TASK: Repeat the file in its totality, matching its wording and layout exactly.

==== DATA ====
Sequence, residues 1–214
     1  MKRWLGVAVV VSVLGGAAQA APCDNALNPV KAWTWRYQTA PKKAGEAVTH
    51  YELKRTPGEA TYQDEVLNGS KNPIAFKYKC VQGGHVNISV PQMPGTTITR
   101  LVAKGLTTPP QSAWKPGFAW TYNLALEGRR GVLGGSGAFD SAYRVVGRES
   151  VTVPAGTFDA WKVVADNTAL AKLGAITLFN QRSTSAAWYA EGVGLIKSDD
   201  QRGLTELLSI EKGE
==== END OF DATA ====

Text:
Sequence, residues 1–214
     1  MKRWLGVAVV VSVLGGAAQA APCDNALNPV KAWTWRYQTA PKKAGEAVTH
    51  YELKRTPGEA TYQDEVLNGS KNPIAFKYKC VQGGHVNISV PQMPGTTITR
   101  LVAKGLTTPP QSAWKPGFAW TYNLALEGRR GVLGGSGAFD SAYRVVGRES
   151  VTVPAGTFDA WKVVADNTAL AKLGAITLFN QRSTSAAWYA EGVGLIKSDD
   201  QRGLTELLSI EKGE